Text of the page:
The reason is actually pretty straightforward: Lead singer Axl Rose can't manage the song live and couldn't even when he was thirty years younger. In an interview with Slash France, guitarist Slash says the song simply has "too many words," and Axl can't catch his breath when trying to sing it. Listening to the song, it's easy to see how difficult it would be to replicate the rapid-fire delivery he achieves. In fact, you can literally hear where Rose spliced together recordings to create the illusion that he's actually keeping pace with the song. In other words, this song can't be played live, plain and simple.

A Pillow of Winds, Pink Floyd

In 1971, Pink Floyd was not yet the band that would reinvent progressive rock and inspire generations of stoner kids to imagine themselves being sent into a meatgrinder when they attend school. After the mental collapse of founding member Syd Barrett, the band took a long time to find their footing, and their 1971 album "Meddle" is decidedly transitional. The album was a minor hit for the band, hitting #70 on the Billboard charts, and it remains a fan favorite. Yet in "Pink Floyd – Uncensored On the Record," Bob Carruthers notes that one of its most popular songs — the delicate and haunting "A Pillow of Winds" — has never been played live, 

One reason the song is left off all the setlists is its outlier status: As noted by music critic Mark Blake in his book "Comfortably Numb," "A Pillow of Winds" is "disarmingly lightweight and in stark contrast to all the 'Sturm und Drang' acid rock" and "sung by a sleepy-sounding Gilmour." Also, the band has left many of its pre-"Dark Side of the Moon" songs off their concert playlists over the years, so this isn't terribly surprising.

In "Pink Floyd: Song by Song," author Andrew Wild also notes another reason the song is avoided: Parts of the melody and the fretless bass pattern used in "Pillow" were reused a decade later in the smash hit "Hey You" from the band's seminal album "The Wall." Needless to say, playing both songs in the same concert might highlight their similarities a bit too much.

Flash of the Blade, Iron Maiden

Iron Maiden has been around for a long, long time. They formed in 1975 — which was almost fifty years ago if you're keeping track — and have released 17 albums in that period. Their 1984 album "Powerslave" is routinely ranked as one of their best, so it isn't surprising that fans consider every song on that album to be a classic. But it is surprising that Loudwire reports there are three songs from "Powerslave" that have never been played live — and one of them is the fan-favorite "Flash of the Blade."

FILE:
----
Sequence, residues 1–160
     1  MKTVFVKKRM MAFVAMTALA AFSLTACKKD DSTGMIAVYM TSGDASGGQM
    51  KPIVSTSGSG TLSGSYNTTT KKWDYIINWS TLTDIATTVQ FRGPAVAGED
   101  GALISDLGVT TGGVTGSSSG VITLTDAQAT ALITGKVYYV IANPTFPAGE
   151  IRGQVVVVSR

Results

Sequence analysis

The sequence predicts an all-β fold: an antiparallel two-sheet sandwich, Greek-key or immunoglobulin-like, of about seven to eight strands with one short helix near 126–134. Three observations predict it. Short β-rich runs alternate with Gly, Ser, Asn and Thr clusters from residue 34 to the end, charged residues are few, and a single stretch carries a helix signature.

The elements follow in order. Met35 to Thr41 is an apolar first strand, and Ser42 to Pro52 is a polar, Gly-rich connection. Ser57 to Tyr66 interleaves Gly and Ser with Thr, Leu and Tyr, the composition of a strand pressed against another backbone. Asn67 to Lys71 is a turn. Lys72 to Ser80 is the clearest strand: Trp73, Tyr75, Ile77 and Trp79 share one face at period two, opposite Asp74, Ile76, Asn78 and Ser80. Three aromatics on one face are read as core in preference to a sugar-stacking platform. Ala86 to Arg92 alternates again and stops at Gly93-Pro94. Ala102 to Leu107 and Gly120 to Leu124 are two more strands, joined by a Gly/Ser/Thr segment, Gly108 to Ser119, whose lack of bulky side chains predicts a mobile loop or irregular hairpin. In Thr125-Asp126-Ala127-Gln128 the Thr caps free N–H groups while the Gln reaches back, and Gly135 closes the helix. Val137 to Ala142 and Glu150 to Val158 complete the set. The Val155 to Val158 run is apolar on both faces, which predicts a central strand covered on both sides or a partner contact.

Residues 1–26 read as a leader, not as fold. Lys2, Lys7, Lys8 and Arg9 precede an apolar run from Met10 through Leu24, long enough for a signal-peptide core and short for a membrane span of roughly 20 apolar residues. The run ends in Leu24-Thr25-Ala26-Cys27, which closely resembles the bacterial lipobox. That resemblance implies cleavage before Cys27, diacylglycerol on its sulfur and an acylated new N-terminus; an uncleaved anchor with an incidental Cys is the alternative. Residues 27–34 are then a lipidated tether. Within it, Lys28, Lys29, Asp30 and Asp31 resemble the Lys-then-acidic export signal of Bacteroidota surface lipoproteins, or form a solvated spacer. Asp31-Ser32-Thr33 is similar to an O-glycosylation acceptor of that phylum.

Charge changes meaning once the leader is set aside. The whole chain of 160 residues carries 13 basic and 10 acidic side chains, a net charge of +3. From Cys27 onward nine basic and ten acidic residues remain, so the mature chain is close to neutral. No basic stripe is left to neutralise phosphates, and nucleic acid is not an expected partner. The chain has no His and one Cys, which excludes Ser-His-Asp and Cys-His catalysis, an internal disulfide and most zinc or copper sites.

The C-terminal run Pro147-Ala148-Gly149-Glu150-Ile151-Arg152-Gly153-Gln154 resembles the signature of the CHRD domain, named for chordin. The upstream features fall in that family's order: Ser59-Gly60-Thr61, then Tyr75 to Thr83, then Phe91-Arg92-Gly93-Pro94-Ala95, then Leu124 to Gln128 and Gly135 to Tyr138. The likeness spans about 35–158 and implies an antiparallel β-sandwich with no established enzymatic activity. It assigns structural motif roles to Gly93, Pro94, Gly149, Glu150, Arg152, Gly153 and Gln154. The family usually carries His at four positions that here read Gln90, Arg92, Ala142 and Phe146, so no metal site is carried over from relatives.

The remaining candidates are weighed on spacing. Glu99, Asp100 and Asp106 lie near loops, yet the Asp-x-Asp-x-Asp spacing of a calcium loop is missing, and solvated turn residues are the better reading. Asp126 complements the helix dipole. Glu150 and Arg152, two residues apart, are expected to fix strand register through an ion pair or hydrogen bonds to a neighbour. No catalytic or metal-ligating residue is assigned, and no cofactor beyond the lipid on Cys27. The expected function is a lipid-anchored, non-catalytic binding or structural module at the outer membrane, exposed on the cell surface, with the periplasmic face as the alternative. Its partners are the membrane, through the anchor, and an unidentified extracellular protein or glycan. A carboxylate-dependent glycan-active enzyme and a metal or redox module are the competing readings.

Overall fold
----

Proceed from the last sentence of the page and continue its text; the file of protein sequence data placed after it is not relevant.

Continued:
One reason for this might be the challenge that the song represents. In "Iron Maiden: Album by Album," music critic Martin Popoff says "Flash of the Blade" was inspired by lead singer Bruce Dickinson's love of fencing and features incredibly intricate hammer-on and pull-off guitar playing that was years ahead of its time. Replicating those guitar parts for a song that — great as it is — is the fifth or sixth-best song on the album might not be worth it.

Still, it can't be that hard to play — all-girl tribute band The Iron Maidens routinely rips "Flash of the Blade" at their shows and they don't seem to have any trouble. The more likely explanation is that the band figures fans would rather hear "Two Minutes to Midnight" or "Aces High" off of "Powerslave."

You Can Still Change Your Mind, Tom Petty and the Heartbreakers

Usually, when a band never plays a hit song live, there's some drama behind the story — a falling out, a painful memory, a level of difficulty they can't achieve any longer. But sometimes, even a popular song just doesn't fit in well with the rest of the group's material, which is what happened with Tom Petty and the Heartbreakers' beautiful 1981 ballad, "You Can Still Change Your Mind."

The album "Hard Promises" was a huge hit for The Heartbreakers, peaking at #5 on the Billboard charts. In "Conversations with Tom Petty," author Paul Zollo's interview with the musician reveals that the song features Stevie Nicks from Fleetwood Mac singing background vocals (she also dueted with Petty on "Insider"). But the fan-favorite song never made it to one of their concerts, and it has nothing to do with the difficulty in getting Nicks to show up to sing her part. As noted by Ultimate Classic Rock, Petty considered the song "very different from what we normally do," implying it was a tough song to slot into a setlist.

Petty echoes this in an interview with Zollo, where he admits he wanted the song to be released as a single but then realized that it was too different from their usual material, saying "it really doesn't have a beat."